Friday, 23 July 2010

The Value of Nature and the Nature of Value

On 13th July the first “Global Business of Biodiversity Symposium” was held as part of the UN’s International Year of Biodiversity. This was the back-drop to the publication of a major report by an international study called “The Economics of Ecosystems and Biodiversity”.

This is global stuff! We hear little about it in our press (but see my May 2010 blog), but there are some mighty intellects trying to work out how to correct the market failure that is our economic system. The point of this symposium was to highlight how business can address the inconsistencies in our current economic valuing systems so we take better account of the natural capital on which we all depend. For a fascinating insight I suggest you go to the web site:

and read some of the quotes from different key people who attended (including the Wildlife Trusts own CEO – Steph Hilbourne). There's also a short film that makes interesting viewing.

The best thing I can do here, however, is just to quote Pavan Sukhdev who has led this international study:

"Our economic compass is faulty and must be updated to better reflect the roles of human capital and natural capital in our economy. We must ensure that the costs and benefits of conserving nature are calculated as best as possible, recognised by leaders, businesses ad citizens alike, included in the accounts of society and managed in order to be distributed more fairly across communities and to remain sustainable for generations to come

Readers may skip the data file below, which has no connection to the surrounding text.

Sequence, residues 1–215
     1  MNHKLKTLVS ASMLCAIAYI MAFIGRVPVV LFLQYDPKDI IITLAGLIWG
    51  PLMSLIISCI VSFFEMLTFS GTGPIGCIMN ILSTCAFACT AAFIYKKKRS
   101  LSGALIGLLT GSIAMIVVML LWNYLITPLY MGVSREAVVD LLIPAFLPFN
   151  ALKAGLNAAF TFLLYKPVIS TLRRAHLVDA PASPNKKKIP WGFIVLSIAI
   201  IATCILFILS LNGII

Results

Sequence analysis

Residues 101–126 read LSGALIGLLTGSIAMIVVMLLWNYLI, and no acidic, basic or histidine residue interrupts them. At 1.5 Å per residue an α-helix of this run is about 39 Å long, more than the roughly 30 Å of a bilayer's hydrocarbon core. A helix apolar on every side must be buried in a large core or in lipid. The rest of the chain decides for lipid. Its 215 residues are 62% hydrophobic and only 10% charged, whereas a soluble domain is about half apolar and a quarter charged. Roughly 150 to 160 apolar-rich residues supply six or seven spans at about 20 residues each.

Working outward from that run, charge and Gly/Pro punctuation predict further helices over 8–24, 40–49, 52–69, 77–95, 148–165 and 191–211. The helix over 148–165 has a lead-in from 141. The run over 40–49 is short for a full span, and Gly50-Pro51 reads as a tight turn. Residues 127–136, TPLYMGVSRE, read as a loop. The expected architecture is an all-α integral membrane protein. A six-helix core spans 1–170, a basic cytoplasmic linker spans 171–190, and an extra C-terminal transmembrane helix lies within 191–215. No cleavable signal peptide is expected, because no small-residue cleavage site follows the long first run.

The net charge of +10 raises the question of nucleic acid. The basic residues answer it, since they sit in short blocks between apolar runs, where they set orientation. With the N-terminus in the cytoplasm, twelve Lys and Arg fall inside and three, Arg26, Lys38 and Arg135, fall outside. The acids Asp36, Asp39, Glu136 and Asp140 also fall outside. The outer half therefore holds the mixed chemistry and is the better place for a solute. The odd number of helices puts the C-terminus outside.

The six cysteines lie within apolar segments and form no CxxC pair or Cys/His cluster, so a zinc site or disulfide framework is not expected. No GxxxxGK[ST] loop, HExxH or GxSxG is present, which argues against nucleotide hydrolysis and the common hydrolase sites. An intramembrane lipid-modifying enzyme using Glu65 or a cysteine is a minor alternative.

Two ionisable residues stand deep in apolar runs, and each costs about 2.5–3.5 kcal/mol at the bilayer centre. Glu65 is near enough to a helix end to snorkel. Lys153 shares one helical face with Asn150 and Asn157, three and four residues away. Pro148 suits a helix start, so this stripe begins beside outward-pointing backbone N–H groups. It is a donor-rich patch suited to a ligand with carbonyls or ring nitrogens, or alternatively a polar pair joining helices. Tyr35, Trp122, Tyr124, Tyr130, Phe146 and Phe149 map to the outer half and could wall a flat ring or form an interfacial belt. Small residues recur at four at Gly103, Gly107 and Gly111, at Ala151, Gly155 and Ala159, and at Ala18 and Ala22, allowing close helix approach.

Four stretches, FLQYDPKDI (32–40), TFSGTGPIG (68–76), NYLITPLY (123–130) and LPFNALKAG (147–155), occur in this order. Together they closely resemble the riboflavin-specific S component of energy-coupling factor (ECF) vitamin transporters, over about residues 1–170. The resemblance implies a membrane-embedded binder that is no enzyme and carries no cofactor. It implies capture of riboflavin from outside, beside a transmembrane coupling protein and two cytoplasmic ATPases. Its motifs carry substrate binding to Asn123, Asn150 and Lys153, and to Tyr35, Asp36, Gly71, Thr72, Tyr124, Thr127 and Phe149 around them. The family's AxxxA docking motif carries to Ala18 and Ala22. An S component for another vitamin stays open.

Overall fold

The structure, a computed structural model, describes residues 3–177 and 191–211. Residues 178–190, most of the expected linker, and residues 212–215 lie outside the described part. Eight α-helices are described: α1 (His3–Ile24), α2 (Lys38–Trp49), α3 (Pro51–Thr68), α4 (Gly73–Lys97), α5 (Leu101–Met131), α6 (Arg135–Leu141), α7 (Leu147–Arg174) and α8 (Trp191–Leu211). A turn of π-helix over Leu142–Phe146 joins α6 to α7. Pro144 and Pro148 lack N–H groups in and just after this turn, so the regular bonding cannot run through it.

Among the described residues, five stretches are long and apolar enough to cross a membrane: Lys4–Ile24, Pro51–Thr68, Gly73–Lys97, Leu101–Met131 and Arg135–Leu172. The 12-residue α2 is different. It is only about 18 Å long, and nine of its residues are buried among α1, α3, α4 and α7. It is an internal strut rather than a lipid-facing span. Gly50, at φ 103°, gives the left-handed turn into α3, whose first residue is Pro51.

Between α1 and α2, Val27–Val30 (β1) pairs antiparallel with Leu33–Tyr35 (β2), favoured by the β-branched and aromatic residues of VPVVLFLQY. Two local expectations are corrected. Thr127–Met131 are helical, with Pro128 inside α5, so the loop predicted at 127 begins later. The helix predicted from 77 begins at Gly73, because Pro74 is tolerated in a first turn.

We have been losing trillions of dollars of losses per annum as a consequence of our global economic mechanism failing to account for the natural capital that underpins industries such as construction, tourism, energy, agriculture and pharmaceuticals. We must recognise the nature of value and the value of nature and move now to create a sustainable future.

We stand here at a fork in the road of human history – they are signposted “brown economy” and “green economy”. Both paths appear economic in the short term, but only one leads us to a long-term future. It is the path of the “green economy” – a path to recognising and conserving the value of nature, creating jobs and industries and helping tackle poverty."

Monday, 12 July 2010

Wishful thinkers lose again.

After a third enquiry the scientists at the Climate Research Unit in East Anglia have been exonerated again. (You remember – that great outcry caused by some leaked emails that had the media wondering if scientists were just making all this climate change nonsense up). And with this another straw that the climate change deniers have been grasping at has also been taken away.

Even if any fault could ever have been found, this ridiculous hounding of a very small number of legitimate scientists does nothing to counter over 200 years of climate change science.

Around the world there are thousands of scientists working on climate change and the overwhelming vast majority say not only that climate change is happening but that it is humans that are causing it. The wishful thinkers, hoping that this can all be made to disappear, are always looking for any scam to try to deflect reality.